If so, it's intriguing and raises a host of fun sociological questions. Her whole description of the "hook up" culture with the deliberate desire to avoid emotional intimacy and commitment is almost a complete duplicate of the stereotypical male attitude of an earlier generation.
I'm also wondering about the male sex and relationship studies, if any.
The notion of sex being divorced from emotional intimacy is, of course, hardly new. But even in societies were sex, marriage, and emotional intimacy might have nothing to do with each other, there were other emotional and economic drivers for pair bonding and breeding.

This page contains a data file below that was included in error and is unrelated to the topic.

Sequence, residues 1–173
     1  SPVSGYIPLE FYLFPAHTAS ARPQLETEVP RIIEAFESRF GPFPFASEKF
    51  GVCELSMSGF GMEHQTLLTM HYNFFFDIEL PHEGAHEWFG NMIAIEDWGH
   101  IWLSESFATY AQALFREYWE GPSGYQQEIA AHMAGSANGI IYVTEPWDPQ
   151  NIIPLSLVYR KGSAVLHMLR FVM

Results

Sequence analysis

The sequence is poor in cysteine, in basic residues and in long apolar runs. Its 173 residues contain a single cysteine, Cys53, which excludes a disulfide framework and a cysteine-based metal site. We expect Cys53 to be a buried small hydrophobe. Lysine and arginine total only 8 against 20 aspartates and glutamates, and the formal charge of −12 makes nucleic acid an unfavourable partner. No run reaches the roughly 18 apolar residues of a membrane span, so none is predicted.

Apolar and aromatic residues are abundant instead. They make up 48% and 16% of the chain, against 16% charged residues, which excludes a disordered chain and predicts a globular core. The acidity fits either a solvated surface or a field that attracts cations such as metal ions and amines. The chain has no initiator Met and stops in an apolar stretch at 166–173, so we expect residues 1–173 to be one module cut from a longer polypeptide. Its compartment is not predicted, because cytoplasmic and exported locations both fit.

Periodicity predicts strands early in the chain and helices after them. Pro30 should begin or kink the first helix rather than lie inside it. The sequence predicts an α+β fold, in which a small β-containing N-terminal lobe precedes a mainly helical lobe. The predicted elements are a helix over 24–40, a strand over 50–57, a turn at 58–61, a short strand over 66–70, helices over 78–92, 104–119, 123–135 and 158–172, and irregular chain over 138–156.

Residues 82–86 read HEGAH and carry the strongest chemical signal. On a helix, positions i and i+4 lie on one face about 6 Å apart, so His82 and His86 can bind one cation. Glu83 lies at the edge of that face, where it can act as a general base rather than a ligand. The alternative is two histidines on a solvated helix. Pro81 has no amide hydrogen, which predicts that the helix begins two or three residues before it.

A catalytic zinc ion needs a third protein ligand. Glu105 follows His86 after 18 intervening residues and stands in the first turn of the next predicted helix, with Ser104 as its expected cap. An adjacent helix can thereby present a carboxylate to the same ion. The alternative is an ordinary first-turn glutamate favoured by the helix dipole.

A society in which both men and women avoid emotional intimacy, have no economic incentive to pair-bond or breed (and, in fact, strong economic incentive not to), and have ready access to non-intimate sex would be, I believe, a wholly new phenomena.
OTOH, her Washington Post Valentine's Day column seems to me much the stuff of right-wing fodder in the "feminists killed Cupid" mode, so I'm not entirely sure what to think. OTher than that I am old.
Now excuse me, I need to, as John Hodgeman might say, scurry upstairs and make like a parrie vole.